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Take Charge of Your Health


 Learn about HPV and how a simple PAP Smear test can save your life.

Listen up, ladies. Did you know that even though the general rates for cervical cancer have declined, Black women

are diagnosed with cervical cancer at twice the rate of white women. African American women are also at twice the
risk of dying from cervical cancer than Caucasian women. Yet, cervical cancer is 100% preventable.
January is Cervical Cancer Awareness Month. Spread the Word. Save a Sister is a public education campaign from the Balm In Gilead’s ISIS Project (Intimate Sessions for Informed Sexuality). Initially launched in 2005, the goal of the Isis Project is to inform and educate African-American women about cervical cancer and to encourage them to take the HPV test and to become knowledgeable about the HPV vaccine. The ISIS Project encourages African-American women between the ages of 30 and 70 years old to become empowered to safeguard their health by learning about HPV, cervical cancer and the need for regular screening with the Pap test and HPV test.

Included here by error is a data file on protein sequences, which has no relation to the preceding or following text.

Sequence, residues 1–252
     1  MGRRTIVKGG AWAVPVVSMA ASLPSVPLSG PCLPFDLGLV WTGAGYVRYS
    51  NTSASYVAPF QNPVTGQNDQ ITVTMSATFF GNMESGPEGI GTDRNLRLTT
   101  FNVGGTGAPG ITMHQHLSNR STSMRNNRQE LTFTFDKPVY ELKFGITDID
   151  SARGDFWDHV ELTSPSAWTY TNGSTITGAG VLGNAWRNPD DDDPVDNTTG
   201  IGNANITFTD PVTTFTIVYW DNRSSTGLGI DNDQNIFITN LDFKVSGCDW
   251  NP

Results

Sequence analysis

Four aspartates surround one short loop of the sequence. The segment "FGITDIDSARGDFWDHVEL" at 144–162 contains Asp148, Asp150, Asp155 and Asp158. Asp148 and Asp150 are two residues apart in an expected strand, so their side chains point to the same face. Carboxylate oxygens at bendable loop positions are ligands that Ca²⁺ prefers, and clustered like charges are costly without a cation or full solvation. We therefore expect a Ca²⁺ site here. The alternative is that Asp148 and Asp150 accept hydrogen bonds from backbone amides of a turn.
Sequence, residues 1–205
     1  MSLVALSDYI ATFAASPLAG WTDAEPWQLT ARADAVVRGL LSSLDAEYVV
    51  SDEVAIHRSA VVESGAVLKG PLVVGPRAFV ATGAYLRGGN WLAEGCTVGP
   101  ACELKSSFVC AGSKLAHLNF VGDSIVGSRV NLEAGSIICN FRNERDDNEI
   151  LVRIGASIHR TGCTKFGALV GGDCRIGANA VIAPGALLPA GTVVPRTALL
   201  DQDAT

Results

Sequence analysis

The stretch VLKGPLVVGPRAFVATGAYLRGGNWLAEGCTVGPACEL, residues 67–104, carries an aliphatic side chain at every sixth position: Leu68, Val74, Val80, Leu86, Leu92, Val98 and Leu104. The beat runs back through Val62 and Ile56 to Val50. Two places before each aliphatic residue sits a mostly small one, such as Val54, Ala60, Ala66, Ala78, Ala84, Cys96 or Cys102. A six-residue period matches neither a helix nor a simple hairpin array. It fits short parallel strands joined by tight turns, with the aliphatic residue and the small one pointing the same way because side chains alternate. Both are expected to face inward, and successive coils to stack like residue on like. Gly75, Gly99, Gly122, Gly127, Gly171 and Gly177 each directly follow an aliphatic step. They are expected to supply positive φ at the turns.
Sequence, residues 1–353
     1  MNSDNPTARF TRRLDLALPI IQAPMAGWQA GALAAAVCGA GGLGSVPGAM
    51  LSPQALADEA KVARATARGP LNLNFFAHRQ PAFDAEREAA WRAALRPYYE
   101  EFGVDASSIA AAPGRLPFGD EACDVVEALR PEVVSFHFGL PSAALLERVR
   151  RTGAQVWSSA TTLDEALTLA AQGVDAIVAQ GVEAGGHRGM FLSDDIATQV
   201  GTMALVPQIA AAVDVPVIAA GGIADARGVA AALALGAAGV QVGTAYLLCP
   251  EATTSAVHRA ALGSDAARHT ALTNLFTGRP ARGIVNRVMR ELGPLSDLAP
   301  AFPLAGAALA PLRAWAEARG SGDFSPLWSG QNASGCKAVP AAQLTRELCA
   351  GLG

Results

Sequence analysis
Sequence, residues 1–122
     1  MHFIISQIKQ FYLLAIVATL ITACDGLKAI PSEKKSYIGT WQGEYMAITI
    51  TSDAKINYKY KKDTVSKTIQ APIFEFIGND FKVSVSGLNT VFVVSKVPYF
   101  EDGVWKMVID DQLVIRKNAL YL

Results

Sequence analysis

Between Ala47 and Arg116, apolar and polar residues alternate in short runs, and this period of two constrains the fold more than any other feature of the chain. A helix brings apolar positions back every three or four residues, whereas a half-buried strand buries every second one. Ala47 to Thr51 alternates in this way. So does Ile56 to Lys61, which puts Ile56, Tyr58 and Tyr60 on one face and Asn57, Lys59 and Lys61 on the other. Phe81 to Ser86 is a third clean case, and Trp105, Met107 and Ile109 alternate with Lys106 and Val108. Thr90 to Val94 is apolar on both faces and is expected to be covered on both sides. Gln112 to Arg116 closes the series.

The medical data speaks for itself:

— African-American women are at least 50% more likely to die from cervical cancer than white women.

— Cervical cancer is caused by persistent infection with an extremely common and contagious virus, the human papillomavirus (HPV); although there are approximately 15 cancer-causing HPV types, types 16 and 18 are responsible for 70% of all cervical cancers worldwide.

— Many women are not aware that cervical cancer is preventable and that new technologies like the HPV test are an important weapon in the fight against cervical cancer.

— African-American women are not aware of the vaccine against the disease that is available for women under 26 years of age.

— Almost one third of all women in the U.S. had no health insurance in 2005, and some cannot pay for routine screenings like Pap tests or the HPV test or the now available vaccine.

— New technologies including HPV testing for screening women and HPV vaccination for girls offer new opportunities to prevent cervical cancer among African-American women.

To learn more, please visit www.theisisproject.org/spread_the_word

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